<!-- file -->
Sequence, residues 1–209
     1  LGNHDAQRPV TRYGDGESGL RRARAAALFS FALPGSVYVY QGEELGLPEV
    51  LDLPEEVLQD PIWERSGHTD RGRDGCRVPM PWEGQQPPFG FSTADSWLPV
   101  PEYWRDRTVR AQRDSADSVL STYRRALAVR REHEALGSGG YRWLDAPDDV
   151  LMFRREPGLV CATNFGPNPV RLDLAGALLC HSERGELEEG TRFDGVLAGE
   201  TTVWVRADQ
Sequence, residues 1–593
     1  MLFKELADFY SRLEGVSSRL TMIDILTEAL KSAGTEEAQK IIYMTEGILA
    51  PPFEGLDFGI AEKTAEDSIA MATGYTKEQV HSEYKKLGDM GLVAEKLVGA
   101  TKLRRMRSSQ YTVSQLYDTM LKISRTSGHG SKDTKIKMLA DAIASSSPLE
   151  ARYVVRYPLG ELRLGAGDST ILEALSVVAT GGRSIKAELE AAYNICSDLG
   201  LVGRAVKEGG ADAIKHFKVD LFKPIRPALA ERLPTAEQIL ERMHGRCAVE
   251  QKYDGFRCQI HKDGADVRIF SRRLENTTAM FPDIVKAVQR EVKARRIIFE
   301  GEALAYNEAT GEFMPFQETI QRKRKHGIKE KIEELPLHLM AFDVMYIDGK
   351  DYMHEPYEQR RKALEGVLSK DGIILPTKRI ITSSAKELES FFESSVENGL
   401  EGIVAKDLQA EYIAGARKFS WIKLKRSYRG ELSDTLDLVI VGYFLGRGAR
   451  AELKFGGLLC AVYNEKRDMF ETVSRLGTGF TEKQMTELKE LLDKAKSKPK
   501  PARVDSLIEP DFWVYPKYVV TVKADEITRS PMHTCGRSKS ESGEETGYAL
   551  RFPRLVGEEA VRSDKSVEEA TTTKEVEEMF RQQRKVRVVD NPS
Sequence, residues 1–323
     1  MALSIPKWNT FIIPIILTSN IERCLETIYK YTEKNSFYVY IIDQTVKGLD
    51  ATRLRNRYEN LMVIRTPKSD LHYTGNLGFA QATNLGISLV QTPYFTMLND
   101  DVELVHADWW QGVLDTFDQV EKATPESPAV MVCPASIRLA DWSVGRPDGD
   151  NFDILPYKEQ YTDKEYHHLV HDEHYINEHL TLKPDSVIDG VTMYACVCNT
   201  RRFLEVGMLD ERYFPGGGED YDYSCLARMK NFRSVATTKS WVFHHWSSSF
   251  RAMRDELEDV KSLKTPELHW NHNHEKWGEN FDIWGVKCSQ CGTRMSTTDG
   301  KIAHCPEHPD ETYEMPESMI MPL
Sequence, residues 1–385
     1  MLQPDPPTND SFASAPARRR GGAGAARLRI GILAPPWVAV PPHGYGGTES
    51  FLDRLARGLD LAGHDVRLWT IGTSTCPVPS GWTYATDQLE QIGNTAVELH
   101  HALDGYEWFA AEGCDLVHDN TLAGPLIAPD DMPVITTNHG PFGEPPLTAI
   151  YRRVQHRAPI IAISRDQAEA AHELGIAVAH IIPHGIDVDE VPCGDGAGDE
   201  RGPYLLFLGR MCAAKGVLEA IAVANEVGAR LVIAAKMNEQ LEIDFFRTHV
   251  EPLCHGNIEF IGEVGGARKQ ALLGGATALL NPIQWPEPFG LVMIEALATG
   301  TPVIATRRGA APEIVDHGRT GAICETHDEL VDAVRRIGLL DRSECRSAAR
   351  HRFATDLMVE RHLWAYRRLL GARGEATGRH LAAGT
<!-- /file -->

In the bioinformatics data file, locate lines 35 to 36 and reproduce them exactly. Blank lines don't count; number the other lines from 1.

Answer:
   301  TPVIATRRGA APEIVDHGRT GAICETHDEL VDAVRRIGLL DRSECRSAAR
   351  HRFATDLMVE RHLWAYRRLL GARGEATGRH LAAGT